On what makes a good student
I had four students who worked with me a lot, one of these students was a young GSP and people saw the success in him using the system that I taught. And more and more students eventually saw that success with the elements I taught him and saw it working for them, and that core group of students became larger over time. When you build up a set of philosophies, eventually you’ll have this group of students who exude your philosophies.
On his training philosophy
My students truly believe in a core vision that I have in the sport. Most people go into Jiu-Jitsu, defining it in a certain kind of way, position before submission, whereas my students and I look at the notion of control. Position is one form of control, but there are many other forms of control. All the top athletes go beyond the notion of position, but very few teach it systematically. That’s what I do. I teach the notion of control leading to submission. There’s a sense where my students seem unhappy when they’re just controlling people. It has to be control in a certain direction. We emphasize in training sessions and even in competitions that you shouldn’t just be happy with controlling people. But it must go through a full victory.
On the best mindset for competition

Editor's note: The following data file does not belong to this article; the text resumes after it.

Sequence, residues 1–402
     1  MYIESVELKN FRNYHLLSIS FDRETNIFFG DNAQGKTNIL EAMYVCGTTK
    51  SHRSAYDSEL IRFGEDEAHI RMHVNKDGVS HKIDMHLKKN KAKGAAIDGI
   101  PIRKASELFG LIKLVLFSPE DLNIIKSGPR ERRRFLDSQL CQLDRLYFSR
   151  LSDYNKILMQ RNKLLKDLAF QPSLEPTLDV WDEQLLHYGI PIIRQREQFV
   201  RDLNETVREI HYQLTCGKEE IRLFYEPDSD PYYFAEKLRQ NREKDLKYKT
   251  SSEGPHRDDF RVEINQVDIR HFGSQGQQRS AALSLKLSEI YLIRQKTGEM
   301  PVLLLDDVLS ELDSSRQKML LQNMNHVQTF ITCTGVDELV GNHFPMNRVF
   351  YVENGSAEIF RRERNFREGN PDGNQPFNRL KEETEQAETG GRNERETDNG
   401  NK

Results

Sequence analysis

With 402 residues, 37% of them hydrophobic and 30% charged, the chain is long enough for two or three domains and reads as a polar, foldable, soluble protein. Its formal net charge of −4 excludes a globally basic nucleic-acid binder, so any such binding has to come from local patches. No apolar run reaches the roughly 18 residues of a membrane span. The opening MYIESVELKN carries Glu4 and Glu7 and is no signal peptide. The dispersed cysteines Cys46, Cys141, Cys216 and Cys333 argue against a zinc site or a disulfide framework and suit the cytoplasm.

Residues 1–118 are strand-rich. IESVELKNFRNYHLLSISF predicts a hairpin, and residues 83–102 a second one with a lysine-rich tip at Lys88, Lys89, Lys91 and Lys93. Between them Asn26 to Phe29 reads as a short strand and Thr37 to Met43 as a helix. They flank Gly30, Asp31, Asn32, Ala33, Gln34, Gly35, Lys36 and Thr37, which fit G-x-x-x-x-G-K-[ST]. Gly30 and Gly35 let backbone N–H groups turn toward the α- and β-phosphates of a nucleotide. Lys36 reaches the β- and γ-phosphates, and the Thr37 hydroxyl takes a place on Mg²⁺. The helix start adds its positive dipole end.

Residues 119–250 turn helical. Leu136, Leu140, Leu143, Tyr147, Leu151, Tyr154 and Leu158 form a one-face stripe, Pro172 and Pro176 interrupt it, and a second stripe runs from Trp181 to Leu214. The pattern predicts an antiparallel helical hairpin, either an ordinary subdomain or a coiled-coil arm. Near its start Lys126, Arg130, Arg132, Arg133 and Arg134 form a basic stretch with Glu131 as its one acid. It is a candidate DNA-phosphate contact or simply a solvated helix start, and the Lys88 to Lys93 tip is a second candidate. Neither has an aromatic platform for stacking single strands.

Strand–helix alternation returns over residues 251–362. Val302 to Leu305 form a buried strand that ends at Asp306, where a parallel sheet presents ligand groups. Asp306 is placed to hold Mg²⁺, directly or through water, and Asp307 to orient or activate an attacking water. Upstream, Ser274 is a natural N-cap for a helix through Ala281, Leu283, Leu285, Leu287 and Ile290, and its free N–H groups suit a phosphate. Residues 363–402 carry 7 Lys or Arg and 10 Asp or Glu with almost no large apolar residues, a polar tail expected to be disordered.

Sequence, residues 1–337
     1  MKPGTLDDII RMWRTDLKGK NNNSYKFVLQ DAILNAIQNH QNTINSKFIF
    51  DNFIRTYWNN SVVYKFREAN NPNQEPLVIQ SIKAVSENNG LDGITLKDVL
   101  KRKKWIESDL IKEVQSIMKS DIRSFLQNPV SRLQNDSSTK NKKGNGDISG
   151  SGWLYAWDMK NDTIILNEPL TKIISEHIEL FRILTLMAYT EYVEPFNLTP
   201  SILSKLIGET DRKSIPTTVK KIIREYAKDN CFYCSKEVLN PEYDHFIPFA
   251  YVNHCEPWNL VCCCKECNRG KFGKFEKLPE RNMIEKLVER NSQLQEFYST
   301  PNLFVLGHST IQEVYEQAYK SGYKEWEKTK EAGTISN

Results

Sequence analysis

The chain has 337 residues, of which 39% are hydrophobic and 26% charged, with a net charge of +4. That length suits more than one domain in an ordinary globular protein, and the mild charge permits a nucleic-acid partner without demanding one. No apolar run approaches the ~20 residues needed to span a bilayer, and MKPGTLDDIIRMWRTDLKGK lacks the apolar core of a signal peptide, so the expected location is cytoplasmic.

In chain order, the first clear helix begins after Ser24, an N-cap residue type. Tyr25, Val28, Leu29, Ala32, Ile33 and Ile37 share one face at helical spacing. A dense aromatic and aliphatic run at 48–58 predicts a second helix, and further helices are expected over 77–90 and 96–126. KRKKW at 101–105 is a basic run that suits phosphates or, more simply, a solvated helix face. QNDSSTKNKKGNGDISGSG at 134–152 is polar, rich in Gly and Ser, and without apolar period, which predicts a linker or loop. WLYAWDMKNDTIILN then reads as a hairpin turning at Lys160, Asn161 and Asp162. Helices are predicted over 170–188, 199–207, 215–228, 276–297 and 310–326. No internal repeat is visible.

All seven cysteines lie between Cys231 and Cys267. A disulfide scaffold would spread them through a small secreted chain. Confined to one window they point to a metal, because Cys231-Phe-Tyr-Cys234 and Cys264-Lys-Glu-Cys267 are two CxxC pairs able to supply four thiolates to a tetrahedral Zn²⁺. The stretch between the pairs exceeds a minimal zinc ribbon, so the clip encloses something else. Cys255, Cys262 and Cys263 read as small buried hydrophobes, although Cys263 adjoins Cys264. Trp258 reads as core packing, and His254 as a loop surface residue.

I understand there is some frustration with submission only tournaments, IBJJF, ADCC, the deep point that has to be touched upon is this: there is no ruleset in the world which is going to prevent athletes from passive behavior in the match. If an athlete goes into a match and wants to play a passive, tactical game of disengagement, there is no ruleset in the world to prevent him from doing so. The most important thing we can do is work at the level of coaching, not at the level of rules. I coach athletes to go in with an attacking mindset where they are looking to control people and submit them. You can’t legislate aggression. You can’t make a timid, passive athlete aggressive through rules.
Aggression comes from a mindset, and that mindset is built from coaching. If the whole idea is to submit people, to control people, the athletes won’t engage in this behavior if they don’t believe in their submission skills. I coach people to believe in their ability to submit people. So when my athletes go out, they’re like firecrackers, hunting for the submission. This is more of a coaching problem than anything. When athletes believe in their ability to submit people, you’ll see exciting matches.
Look at the great figures in IBJJF comps: Roger, Marcelo – they never put on a dull match because they believe in their ability to submit people. They look at every match just like a match in the gym; I don’t think I’ve ever seen a boring Roger or Marcelo match. They had an attitude that made the rules irrelevant. It’s the mindset of the people who go into a comp that makes a match exciting, not the rules.
There’s no doubt that John Danaher has become one of the most acclaimed coaches in BJJ today. His philosophies and mindset have changed the way many BJJ students compete and train and have paved the way for many new styles of Jiu-Jitsu and grappling. We can only expect more exciting things to come from the Danaher Death Squad, especially with Garry Tonon deciding to join MMA.
Image courtesy of Kitt Canaria, Jiu-Jitsu Times.